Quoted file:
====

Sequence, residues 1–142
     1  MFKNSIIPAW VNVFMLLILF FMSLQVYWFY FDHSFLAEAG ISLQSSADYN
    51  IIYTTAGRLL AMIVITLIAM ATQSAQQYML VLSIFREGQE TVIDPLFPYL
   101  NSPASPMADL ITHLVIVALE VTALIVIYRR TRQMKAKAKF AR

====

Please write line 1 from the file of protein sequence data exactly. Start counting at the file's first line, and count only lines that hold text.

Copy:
Sequence, residues 1–142